This article is part of the Guardian’s Euro 2020 Experts’ Network, a cooperation between some of the best media organisations from the 24 countries who qualified. theguardian.com is running previews from two countries each day in the run-up to the tournament kicking off on 11 June.
Qualifying for Euro 2020 did not present Poland with many problems. They were the favourites to win their group and did so handsomely, six points ahead of Austria. Results hid the fact that they did not play very well. They suffered in many games and the playing style of the team under Jerzy Brzeczek was becoming a problem for the fans and also the Polish FA president, Zbigniew Boniek.
At the start of this year Brzeczek was dismissed and replaced by Paulo Sousa. The Portuguese coach, who has managed Swansea, Fiorentina and Bordeaux among other clubs, initially brought a lot of enthusiasm to the table. At the very first press conference, he massaged the Polish ego by talking about the country’s great traditions, and even Pope John Paul II. He also talked animatedly about his plans for the team.
On the pitch, however, the start of his tenure was far from perfect. The first three World Cup qualifiers saw a draw with Hungary, a defeat against England and a win over Andorra with performances that did not lead to much optimism. Sousa, however, has not changed his attitude or his beliefs – he is convinced he can get the best out of this generation of players.
The main change, apart from the positive mentality he is trying to instil, has been tactical. Raised in the excellent Portuguese school of coaches, then polished in an Italian workshop, he uses a hybrid formation that is very flexible. Poland now play with three defenders when pushing forward, switching to four or five when they are without the ball .
Sousa requires his players to be in excellent physical condition to fulfil one of the cornerstones of his tactics, which is to be dominant and put a lot of pressure on the opponent, making sure they do not have the space to play their game. He likes to play with two forwards to get the best out of the team’s talisman, Robert Lewandowski.
“The absolutely basic element of our game in the attack must be to feed Lewandowski and the other attackers,” he says. “We cannot afford to waste this potential. Poland has not only the best ‘sniper’ in the world, but generally a very high level of attackers to choose from.” Napoli’s Piotr Zielinski will be key in the creative department, especially as Arkadiusz Milik was ruled out of the Euros on Monday.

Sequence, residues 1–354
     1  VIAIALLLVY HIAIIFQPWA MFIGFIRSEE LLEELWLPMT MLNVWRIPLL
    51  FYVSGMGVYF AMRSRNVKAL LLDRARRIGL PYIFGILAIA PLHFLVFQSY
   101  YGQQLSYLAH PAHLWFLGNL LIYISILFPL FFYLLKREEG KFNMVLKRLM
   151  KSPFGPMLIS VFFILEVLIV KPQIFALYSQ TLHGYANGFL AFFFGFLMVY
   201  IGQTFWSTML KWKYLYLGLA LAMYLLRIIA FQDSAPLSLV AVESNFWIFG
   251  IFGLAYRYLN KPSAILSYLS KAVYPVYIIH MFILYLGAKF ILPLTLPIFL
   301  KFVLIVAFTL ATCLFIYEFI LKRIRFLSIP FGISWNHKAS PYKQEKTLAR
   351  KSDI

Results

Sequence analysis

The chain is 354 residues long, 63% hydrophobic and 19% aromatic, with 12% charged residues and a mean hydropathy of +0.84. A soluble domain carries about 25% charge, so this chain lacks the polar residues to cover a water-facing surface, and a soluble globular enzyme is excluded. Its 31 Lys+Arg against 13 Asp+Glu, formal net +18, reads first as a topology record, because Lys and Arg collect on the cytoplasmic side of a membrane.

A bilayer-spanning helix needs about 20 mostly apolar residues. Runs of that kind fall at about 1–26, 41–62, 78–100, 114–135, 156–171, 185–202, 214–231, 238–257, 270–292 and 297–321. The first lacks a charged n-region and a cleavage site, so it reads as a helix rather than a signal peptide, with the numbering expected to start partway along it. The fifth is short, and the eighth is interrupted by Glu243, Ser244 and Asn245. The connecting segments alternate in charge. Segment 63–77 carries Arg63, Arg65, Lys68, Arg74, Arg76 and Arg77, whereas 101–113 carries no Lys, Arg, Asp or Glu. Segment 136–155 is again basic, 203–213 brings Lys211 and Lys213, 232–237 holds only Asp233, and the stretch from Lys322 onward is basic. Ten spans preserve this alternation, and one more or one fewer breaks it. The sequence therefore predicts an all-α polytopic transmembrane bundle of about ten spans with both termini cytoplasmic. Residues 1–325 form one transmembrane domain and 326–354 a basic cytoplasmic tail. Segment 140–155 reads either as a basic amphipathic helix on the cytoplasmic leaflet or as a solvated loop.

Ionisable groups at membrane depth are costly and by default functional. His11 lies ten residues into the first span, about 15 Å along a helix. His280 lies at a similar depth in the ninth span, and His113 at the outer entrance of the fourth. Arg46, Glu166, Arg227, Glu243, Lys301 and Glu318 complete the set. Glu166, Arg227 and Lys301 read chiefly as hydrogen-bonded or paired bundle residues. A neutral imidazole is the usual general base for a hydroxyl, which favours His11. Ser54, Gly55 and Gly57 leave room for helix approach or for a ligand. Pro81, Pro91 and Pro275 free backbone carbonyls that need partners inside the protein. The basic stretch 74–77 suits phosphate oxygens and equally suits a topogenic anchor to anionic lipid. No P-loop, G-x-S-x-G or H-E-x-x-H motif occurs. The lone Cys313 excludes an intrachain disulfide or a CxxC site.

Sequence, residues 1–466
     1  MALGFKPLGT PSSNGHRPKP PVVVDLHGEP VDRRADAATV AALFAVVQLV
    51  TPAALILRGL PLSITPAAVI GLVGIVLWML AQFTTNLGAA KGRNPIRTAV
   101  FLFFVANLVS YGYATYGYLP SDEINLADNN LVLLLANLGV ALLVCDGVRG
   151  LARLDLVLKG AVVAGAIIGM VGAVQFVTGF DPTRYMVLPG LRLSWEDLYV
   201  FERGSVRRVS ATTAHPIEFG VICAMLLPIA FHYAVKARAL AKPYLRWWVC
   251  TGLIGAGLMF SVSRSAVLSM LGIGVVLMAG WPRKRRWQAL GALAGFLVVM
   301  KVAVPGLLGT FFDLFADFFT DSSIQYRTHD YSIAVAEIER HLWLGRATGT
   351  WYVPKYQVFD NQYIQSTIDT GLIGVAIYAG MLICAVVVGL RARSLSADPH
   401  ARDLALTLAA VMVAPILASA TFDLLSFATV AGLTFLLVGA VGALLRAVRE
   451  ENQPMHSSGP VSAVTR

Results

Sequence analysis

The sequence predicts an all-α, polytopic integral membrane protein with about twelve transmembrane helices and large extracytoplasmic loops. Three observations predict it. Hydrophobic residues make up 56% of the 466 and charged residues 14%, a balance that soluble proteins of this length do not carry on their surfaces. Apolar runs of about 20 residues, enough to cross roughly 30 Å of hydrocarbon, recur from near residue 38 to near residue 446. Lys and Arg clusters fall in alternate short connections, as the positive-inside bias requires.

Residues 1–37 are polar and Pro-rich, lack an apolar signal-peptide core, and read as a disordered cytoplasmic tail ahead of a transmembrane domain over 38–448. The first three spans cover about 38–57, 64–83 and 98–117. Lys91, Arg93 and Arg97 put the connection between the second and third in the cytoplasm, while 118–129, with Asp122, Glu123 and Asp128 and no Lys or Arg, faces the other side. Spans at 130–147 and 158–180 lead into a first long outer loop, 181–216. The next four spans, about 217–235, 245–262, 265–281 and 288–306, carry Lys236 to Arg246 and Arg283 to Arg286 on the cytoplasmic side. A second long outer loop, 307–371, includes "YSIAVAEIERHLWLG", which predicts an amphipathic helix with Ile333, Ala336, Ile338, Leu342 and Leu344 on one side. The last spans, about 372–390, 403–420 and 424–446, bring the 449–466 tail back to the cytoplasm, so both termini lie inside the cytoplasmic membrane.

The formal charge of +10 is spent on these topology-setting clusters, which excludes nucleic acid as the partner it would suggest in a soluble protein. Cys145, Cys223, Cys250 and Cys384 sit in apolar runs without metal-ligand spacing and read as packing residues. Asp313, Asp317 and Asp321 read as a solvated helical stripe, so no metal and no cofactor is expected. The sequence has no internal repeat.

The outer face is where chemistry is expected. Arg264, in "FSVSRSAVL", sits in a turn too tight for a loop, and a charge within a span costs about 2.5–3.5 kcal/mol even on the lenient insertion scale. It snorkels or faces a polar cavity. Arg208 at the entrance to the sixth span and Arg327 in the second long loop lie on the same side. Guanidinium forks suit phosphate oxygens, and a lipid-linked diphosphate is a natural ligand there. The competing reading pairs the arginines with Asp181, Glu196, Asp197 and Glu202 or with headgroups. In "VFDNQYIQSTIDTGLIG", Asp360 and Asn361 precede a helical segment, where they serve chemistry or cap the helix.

“We believe that we can achieve something unique at the Euros,” Sousa says. “We can do that by using the experience of our players who play in some of the best leagues in Europe. We have to believe in ourselves, to think that we can succeed.”
Paulo Sousa was only a young boy when his father had a serious car accident which put him in a coma. Sousa and his mother made pilgrimages to Fatima, a famous centre of devotion in Portugal, praying for his father’s health. The family’s prayers were answered and his father recovered; the young Sousa had learned that faith worked. As a professional, though, he is not superstitious, believing instead in hard work and good communication. For Sousa, it is important to first focus on the human, then on the player. He tells players how important they are in his plans and that he counts on them (and the fact that he speaks four languages fluently probably helps).
Robert Lewandowski. The Bayern Munich striker has gone from strength to strength and the strange, pandemic-interrupted 2019-20 season was arguably the best of them all as he guided the Bavarians to an impressive treble and was named Fifa’s player of the year for the first time, ahead of Lionel Messi and Cristiano Ronaldo. And it is all down to hard work and determination to keep improving which is a factor in his home life too: the 32-year-old is married to Anna, who is a former world karate champion.
Happy for a year’s delay
Kamil Piatkowski is in a much better place than he was 12 months ago. In the summer of 2020 he was a little-known defender at mid-table Polish side Rakow Czestochowa. Now he is considered one of the most talented centre-backs of his generation. The defender, who will turn 21 during the Euros, has agreed to join RB Leipzig from next season and may have his international breakthrough this summer.
What the fans sing
Polish fans are not great singers in the stands and they have yet to adopt a particular song. The one that has made the biggest impact is probably Maryla Rodowicz’s Futbol from 1974, when Poland finished third at the World Cup. There have been several unsuccessful attempts to recreate that popularity in recent years.
What the fans say
“Szansa! Aj, Jezus Maria!” – Chance! Ah, Jesus Maria! – used all over the internet when Poland miss an opportunity to score. Coined by the legendary commentator Dariusz Szpakowaki during a game against England in 1993.
“Mecz Otwarcia. Mecz o wszystko. Mecz o honor” – Opening match. Match for everything. Match for honour – after disappointing performances at recent tournaments, all eyes are on the first game against Slovakia.
“Nic sie nie stałlo, Polacy nic sie nie stalo” – Nothing happened, Poles, nothing happened – heard after Poland concede a goal.
Lewandowski is well known for his charity work but during the pandemic he outdid himself. He donated €1m to support 21 hospitals, another €250,000 to a children’s health centre in Warsaw and to fund an ambulance, and 5,000 staff meals to a hospital in the capital. Also, 10% of all sales of his RL9-branded coffee went to support the elderly. He is an absolute hero on and off the pitch.
Tomasz Wlodarczyk writes for Meczyki.
Follow him on Twitter @wlodar85.
For a player profile on Piotr Zielinski click here.